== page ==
(Re)constructing the Nation? Representations of Public Housing in School Geography Textbooks

Within education literature, scholars have argued that schools play an important role in social reproduction. However the literature on the role of specific subjects in this process is less examined. Within geography education, there is a growing interest and critical examination of the purposes of geography teaching. These accounts suggest that the content of school geography fulfils particular social purposes and national ideologies. In fact, political geographers like Radcliffe (1999) have argued that geographical professionalism and skills have provided the knowledge/power with which to promote certain “imagined” geographies upon which a social or national sense of identity can rest. In Singapore, geography scholars like Kong and Yeoh (2003, p. 2) have examined the specific strategies that the Singapore state uses to construct the Singapore “nation” using both ideological and material practices. They suggest that the public housing landscape has been an important means to this end. The role of public housing in the construction of the Singapore’s national identity has been documented by academics - from scaling up to a first world nation through public housing, to Singapore’s public housing being emulated as a successful model. However there is little analysis of the ways in which public housing has been represented within school geography in order to promote certain imagined geographies in the population.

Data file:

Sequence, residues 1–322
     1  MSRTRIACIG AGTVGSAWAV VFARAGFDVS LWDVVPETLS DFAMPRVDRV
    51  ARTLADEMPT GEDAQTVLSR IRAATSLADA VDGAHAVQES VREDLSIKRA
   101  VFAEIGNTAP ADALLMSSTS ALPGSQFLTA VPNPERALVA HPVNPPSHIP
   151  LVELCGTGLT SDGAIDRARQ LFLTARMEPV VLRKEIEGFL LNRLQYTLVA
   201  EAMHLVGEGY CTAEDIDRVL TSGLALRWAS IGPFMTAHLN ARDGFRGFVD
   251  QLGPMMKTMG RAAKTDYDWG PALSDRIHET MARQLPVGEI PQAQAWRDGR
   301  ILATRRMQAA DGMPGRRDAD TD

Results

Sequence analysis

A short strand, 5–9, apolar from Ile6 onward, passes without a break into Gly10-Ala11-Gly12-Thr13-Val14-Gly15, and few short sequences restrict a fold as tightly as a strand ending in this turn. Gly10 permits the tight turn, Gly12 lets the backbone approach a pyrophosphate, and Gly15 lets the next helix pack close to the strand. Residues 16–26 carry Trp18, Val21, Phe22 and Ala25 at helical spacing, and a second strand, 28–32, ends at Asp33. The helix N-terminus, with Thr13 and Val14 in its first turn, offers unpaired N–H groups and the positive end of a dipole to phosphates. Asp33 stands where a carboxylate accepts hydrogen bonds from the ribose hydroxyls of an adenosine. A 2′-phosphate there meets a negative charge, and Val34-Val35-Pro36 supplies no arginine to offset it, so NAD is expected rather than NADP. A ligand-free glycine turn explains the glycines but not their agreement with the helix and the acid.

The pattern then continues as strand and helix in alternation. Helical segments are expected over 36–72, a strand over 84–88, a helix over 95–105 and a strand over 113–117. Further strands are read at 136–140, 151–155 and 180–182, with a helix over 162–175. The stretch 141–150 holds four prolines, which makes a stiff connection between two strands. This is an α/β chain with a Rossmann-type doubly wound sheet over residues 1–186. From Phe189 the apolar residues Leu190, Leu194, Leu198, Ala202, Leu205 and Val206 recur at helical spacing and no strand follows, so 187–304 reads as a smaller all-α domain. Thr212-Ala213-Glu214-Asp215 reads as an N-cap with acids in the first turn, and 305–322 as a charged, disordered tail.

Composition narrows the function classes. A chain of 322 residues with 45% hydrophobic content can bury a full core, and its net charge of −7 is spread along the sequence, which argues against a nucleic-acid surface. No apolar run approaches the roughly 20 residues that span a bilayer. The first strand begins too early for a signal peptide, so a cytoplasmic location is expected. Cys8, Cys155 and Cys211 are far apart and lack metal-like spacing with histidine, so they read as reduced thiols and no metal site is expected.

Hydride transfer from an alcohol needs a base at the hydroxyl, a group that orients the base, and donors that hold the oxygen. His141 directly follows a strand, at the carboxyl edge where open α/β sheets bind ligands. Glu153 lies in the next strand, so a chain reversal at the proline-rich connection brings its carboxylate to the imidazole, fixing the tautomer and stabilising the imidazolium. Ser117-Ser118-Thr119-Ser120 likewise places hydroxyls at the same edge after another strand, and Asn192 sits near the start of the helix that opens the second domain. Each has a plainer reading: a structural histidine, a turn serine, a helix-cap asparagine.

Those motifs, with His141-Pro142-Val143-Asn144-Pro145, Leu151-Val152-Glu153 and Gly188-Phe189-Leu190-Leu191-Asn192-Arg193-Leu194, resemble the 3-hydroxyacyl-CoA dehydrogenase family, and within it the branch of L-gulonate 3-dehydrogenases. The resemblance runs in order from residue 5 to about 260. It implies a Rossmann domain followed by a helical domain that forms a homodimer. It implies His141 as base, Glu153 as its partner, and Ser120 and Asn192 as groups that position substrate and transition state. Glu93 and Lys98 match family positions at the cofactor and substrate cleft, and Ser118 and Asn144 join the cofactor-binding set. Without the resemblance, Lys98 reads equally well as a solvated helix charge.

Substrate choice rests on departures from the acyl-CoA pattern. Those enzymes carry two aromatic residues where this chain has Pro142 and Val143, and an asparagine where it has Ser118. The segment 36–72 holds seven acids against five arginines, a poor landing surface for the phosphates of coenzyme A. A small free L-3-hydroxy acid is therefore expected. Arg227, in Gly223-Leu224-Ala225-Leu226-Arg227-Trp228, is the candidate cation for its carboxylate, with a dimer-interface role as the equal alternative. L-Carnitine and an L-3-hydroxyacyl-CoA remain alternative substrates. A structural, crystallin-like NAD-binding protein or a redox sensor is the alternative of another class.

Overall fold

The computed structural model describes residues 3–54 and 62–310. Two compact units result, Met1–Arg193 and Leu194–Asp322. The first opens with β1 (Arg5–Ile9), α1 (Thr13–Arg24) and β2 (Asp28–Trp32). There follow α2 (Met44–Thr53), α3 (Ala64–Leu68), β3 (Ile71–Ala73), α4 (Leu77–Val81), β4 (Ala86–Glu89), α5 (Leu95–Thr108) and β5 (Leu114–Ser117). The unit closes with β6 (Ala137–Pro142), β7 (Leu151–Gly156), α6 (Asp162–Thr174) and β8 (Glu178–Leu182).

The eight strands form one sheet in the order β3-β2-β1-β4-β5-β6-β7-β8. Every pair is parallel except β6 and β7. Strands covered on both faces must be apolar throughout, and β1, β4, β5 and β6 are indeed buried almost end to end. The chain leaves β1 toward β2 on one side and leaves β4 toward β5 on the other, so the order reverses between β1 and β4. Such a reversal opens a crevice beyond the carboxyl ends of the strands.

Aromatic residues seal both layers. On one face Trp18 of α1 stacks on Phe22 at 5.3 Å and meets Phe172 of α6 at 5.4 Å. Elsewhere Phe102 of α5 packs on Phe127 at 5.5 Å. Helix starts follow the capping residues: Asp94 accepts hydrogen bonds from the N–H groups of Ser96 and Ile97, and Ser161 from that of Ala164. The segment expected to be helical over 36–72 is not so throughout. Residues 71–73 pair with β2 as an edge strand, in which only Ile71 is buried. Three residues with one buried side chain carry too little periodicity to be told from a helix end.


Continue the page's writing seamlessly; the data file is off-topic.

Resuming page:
This paper, therefore, considers the representations of public housing in school geography textbooks from the 1970s to present day. It analyses the role that these textbook chapters on public housing play in augmenting the state’s modernist projects and goals, as well as the symbolic meanings attached to the content on public housing in reproducing particular types of Singaporean identities. It further compares the textbook content to the larger developmental goals of the state throughout these periods, and surfaces the realities that are obscured in the process.

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~ John Dewey, How We Think

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